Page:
Ballard, Jayne, & Verswyvel Capture Spy Coast Farm Developing Jumper Series Classic Wins at WEF

Opening up Friday’s competition in the International Arena at the main grounds of PBIEC for the eleventh week of WEF, the Developing Jumper Series Classics, sponsored by Spy Coast Farm, offered top prize money and a chance to compete in the grand prix arena for up-and-coming equine show jumping stars.

There were 25 entries in the $20,000 Spy Coast Farm Seven Year Old Developing Jumper Series Classic, and 11 were clear to advance to the jump-off held at the end of the first round. Of those, seven were double clear. The fastest in the class was Maestro Vica v/d Ark, ridden by Erynn Ballard for owner Natalie Dean. They stopped the timers in 31.502 seconds for victory.

Erynn Ballard and Maestro. Photo © Sportfot

All of the Developing Jumper Classic courses were set by Steve Stephens and Nick Granat (USA).

Second place went to Get Go, a seven-year-old Hanoverian gelding by Grey Top, out of Wantana, who is by World Diamond O. Get Go was bred by Herbort U. Nesemaan. Ridden by Taylor Land and owned by Pinetree Farms Inc., Get Go put in a time of 33.148 seconds.

Just behind them in third place and a time of 33.419 seconds were Gemino and Peter Wylde, who rode for owner Chester Siuda. Gemino is a seven-year-old KWPN stallion by Manhattan x Democraat, out of Heliolight and bred by Jessica Siuda.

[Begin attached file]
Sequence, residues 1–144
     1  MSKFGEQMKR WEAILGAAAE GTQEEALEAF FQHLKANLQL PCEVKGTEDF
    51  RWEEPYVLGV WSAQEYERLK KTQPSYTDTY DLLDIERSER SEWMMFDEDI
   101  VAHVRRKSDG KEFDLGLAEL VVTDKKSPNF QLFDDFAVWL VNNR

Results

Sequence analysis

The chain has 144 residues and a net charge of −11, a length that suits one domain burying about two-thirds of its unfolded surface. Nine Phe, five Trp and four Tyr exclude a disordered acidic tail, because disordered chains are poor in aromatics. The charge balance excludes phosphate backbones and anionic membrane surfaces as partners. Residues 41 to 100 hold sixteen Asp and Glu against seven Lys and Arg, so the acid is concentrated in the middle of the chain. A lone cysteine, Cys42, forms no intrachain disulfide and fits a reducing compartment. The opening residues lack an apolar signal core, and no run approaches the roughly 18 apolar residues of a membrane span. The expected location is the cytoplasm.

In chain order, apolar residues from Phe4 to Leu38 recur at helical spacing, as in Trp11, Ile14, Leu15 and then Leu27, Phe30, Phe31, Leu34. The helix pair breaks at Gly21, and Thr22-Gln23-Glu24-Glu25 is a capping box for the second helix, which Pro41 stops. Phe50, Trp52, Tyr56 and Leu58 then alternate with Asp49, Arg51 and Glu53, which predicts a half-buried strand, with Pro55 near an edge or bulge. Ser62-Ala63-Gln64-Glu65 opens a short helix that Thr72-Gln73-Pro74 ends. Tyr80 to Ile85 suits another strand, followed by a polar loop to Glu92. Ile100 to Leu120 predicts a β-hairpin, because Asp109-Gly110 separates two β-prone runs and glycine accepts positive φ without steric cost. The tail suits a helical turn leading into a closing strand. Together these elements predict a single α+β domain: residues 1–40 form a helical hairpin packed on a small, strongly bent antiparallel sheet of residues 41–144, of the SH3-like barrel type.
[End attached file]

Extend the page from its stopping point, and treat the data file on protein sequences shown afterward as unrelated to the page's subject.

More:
“Maestro” was purchased in 2018 at The Ten Auction, and Ballard and trainer Ilan Ferder selectively chose his competitions during the year leading up to the 7 and Under Young Horse division at the Hampton Classic Horse Show, where they won all three classes and were named champion.

Erynn Ballard with ringmaster Steve Rector and Laura Fetterman. Photo © Sportfot

“Maestro is a super star; he wins more than he loses. I think he’s an exception in that way,” said Ballard. “We haven’t really pushed him and today is the biggest that he’s jumped. I think he was outstanding today.”

When Ballard was planning for the jump-off, she thought that they should avoid the inside turn from the first to second jumps, but when she was on course, the inside turn showed up.

“I said to Ilan, ‘I think I can be faster going around. I don’t want to risk turning tight inside and having him bounce,’” she recalled. “When I went in, I kind of looked at the angle that I wanted to see number one on. He was so fast from one to two; that’s really where he won the class. He’s fast everywhere else, but I think it was an exceptional turn from one to two.”

While owner Dean will likely now take over the ride on Maestro, Ballard is excited to watch him go with her. “Maybe we can share a little bit!” she said.

In addition to their classic win, Maestro was presented with the Champion Equine Insurance Jumper Style Award presented by Laura Fetterman.

The $15,000 Spy Coast Farm Six Year Old Developing Jumper Classic hosted 25 entries as well, with nine clear and only two finding the path to a double clear finish. The fastest of those in 38.434 seconds – faster by 5.5 seconds – was Charlie Jayne riding his father Alex Jayne’s Virginia ODF.

Charlie Jayne and Virginia ODF. Photo © Sportfot